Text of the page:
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Recharging electric cars no big deal

When it comes to electric vehicles, Dennis Harkema is a true believer. Harkema lives in Estacada and owns Secret Gardens Plant Services, a company that sells plants to businesses and cares for them throughout Northwest Oregon and Southwest Washington. Harkema can drive 200 or more miles a day, and he does it in an all-electric Nissan Leaf.

“It can carry all the plants and supplies I need and it doesn’t use any gas at all,” Harkema says.

His last car, a Dodge pickup, cost him about $2,500 a month, including gas at about eight miles per gallon. The Leaf is saving him around $1,500 a month, even with monthly payments and insurance.

“The savings really work for me, but the most important thing is the environmental benefits. I’m 60. I grew up during the hippie era and I’ve always been very conscious of saving the planet.”

And with the Portland area’s fast-growing network of public charging stations, Harkema has ample opportunities to recharge his battery on the road.

by: PAMPLIN MEDIA GROUP: CHRISTOPHER ONSTOTT - Dennis Harkema is saving $1,000 a month since he switched to a Nissan Leaf for his plant business. “The charging infrastructure is really falling into place,” Harkema says.

The Leaf and most other EVs have onboard navigation systems that include the locations of nearby charging stations. Online maps also are available, such as at www.plugshare.com.

Lower gas prices are crimping demand for EVs. But the other major concern of would-be EV buyers — range anxiety, the fear they’ll get stranded with a battery out of juice — is fading fast. Oregon now boasts more than 700 public charging stations, with 277 in the Portland metropolitan area.

It’s also getting easier to find EVs for sale or rent in the Portland area.

Car2Go, a short-term car rental company, has added 30 all-electric Mercedes-made SmartForTwo cars to its Portland-area fleet. Members can now drive an EV whenever they want without having to buy one.

Manufacturers also are introducing new EVs in Oregon well ahead of other states. Two of the newest models include all-electric versions of the Chevy Spark and Honda Fit subcompacts. California is the only other state where they are available.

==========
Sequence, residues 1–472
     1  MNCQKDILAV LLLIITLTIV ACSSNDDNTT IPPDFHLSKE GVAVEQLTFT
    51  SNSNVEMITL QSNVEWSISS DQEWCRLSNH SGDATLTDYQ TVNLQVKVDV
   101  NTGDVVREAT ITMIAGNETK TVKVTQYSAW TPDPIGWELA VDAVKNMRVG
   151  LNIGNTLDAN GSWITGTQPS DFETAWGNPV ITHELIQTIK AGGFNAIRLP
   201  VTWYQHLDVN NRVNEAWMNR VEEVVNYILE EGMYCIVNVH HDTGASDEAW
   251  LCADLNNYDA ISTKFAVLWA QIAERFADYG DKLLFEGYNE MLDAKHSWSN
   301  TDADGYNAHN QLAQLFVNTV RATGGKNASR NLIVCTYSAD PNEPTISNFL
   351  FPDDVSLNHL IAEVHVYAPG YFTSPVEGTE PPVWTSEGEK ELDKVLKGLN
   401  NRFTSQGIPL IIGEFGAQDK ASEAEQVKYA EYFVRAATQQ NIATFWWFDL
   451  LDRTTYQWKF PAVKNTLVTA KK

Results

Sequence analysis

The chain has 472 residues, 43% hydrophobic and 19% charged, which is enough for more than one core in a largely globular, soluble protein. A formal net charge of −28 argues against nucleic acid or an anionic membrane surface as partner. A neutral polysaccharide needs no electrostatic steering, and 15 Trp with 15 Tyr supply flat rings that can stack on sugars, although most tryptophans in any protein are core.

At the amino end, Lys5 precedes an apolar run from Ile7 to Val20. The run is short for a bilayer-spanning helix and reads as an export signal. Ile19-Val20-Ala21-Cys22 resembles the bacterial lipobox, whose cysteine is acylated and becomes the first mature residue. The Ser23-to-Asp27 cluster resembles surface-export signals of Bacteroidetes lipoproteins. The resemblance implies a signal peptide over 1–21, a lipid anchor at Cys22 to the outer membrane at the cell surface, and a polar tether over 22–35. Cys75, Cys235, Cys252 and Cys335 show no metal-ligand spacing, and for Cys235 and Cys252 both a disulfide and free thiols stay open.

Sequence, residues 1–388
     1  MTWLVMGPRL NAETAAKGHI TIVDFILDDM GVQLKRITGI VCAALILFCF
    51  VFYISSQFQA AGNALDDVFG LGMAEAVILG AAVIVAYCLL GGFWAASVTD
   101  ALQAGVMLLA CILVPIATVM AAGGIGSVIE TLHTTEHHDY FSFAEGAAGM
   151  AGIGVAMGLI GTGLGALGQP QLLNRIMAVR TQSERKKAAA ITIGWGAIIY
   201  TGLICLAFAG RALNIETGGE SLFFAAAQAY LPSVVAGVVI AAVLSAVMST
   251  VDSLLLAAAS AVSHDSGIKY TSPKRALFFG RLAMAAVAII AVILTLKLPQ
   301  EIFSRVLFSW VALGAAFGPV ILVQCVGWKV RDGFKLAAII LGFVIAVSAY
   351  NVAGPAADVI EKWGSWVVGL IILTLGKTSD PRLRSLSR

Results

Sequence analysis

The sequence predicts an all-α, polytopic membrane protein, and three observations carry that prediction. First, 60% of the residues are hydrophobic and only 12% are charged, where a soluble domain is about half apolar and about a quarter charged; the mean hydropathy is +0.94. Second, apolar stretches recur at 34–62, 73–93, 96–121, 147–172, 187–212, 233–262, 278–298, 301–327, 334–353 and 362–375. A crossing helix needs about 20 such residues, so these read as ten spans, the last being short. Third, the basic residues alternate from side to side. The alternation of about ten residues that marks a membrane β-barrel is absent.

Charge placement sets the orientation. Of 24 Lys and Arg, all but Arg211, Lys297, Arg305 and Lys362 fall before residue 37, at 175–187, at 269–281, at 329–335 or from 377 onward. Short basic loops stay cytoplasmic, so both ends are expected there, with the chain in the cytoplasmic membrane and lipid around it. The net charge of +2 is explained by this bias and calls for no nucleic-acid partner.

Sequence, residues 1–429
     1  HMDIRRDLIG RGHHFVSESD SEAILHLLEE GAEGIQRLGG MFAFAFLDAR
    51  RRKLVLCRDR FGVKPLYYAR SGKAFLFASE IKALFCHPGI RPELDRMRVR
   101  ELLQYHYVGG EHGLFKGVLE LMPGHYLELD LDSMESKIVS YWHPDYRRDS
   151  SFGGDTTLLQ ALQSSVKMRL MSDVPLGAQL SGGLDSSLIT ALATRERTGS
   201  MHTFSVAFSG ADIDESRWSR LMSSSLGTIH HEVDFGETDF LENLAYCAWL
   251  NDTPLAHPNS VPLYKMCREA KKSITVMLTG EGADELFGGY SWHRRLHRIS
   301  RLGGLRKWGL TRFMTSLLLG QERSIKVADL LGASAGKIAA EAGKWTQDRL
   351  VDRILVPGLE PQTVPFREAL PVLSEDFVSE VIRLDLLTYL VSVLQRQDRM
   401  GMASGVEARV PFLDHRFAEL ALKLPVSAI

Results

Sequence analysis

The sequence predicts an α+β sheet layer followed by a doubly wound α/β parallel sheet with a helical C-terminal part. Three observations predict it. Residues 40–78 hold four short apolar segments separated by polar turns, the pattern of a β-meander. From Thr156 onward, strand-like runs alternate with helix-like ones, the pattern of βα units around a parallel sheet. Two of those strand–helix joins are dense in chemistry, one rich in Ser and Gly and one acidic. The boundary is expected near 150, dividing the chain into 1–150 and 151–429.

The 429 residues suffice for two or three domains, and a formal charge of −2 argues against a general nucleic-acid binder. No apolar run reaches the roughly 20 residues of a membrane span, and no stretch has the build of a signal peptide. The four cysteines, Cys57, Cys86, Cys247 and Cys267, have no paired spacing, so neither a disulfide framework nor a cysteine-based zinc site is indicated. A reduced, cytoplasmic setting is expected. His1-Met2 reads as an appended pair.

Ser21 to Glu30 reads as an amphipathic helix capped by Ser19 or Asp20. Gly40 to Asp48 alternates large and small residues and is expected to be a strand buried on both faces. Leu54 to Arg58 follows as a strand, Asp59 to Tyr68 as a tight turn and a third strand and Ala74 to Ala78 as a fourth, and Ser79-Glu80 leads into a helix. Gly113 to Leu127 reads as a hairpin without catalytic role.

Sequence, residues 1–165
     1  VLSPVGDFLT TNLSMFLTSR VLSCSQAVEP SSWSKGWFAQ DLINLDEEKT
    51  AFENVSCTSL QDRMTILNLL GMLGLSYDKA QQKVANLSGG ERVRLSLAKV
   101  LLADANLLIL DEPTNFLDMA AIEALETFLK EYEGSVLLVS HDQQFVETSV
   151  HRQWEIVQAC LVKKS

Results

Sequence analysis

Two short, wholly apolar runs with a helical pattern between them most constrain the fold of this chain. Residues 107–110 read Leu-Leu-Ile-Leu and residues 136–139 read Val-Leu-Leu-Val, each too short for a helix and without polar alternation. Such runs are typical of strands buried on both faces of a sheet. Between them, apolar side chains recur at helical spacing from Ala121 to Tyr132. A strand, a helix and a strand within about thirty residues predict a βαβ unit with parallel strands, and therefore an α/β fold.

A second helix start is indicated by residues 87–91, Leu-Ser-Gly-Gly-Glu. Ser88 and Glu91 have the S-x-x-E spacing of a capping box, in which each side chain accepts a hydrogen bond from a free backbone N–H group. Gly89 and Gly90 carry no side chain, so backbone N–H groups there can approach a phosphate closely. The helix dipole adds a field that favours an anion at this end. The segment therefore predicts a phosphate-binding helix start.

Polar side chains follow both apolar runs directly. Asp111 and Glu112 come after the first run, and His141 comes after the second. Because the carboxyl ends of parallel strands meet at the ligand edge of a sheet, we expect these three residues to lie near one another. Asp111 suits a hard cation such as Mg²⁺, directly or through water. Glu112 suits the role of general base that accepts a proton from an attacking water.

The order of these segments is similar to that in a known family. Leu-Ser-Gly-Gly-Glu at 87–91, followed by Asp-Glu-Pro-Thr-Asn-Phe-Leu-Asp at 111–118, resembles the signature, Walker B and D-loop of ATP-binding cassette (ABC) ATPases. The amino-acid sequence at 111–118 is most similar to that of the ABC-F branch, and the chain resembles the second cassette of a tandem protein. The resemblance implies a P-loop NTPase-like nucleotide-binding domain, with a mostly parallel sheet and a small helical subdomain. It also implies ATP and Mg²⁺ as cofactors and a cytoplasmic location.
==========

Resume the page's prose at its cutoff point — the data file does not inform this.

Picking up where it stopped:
Perhaps the biggest news is the recent completion of Oregon’s portion of the West Coast Electric Highway. Portland General Electric recently announced it’s now possible to reliably drive an all-electric vehicle from the Washington border to the California border using Quick Charge stations installed by PGE, which allow motorists to recharge at strategic locations in 30 minutes or less.

“The West Coast Electric Highway is open for business,” says Stan Sittser, project manager of PGE’s transportation electrification programs. The most recent stations were installed at a Burgerville in Southeast Portland and an Elmer’s restaurant in Woodburn through the company’s Oregon EV Highway Pilot program.

The project, first announced several years ago, is intended to make it possible to reliably drive an EV along I-5 from British Columbia to the Mexican border. Quick Chargers at strategic locations will allow properly-equipped cars to be recharged in far less time than the 12 hours needed for lower-powered Level 2 chargers.

Although EVs are still only a small share of all vehicles on the road, they are rolling up a significant number of miles. Most Leafs and Volts are enrolled in a monitoring program conducted by Ecotality, the company that won the U.S. government contract several years ago to lead the public battery-charging infrastructure efforts. The company is also tracking the SmartForTwo EVs in Portland’s Car2Go fleet.

The 556 Oregon EVs registered with Ecotality logged 1.2 million miles in the third quarter of 2012 — a 40 percent increase over the second quarter. Ecotality is finding that the longer a person drives an EV, the greater distances they go between charges. In other words, the company says, range anxiety diminishes as drivers grow more confident about how far their EV will travel and the possibility of finding charging stations when needed.

The company also found that Chevy Volt drivers are becoming obsessed with using their car’s electric battery mode as much as possible, to limit use of their on-board gas-powered generators and thus save on gasoline purchases.

They have a new term for that: “gas anxiety.”